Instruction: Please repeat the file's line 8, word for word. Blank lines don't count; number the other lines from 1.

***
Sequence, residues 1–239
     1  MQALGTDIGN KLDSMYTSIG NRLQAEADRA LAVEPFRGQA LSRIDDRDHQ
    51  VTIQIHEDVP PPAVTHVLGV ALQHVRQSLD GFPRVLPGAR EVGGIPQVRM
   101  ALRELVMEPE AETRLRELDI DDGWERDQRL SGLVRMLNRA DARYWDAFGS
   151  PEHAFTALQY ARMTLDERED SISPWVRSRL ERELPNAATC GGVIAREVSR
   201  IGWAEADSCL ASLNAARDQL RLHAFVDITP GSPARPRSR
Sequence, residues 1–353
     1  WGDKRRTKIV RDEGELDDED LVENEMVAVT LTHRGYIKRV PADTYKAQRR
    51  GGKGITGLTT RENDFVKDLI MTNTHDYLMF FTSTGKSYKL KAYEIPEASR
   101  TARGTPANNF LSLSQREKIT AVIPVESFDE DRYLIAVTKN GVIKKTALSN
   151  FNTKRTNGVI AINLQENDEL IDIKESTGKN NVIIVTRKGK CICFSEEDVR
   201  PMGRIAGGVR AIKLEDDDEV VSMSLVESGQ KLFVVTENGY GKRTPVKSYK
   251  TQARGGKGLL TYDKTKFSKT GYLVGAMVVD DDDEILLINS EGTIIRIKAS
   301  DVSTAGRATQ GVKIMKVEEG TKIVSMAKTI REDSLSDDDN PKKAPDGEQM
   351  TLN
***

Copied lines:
     1  WGDKRRTKIV RDEGELDDED LVENEMVAVT LTHRGYIKRV PADTYKAQRR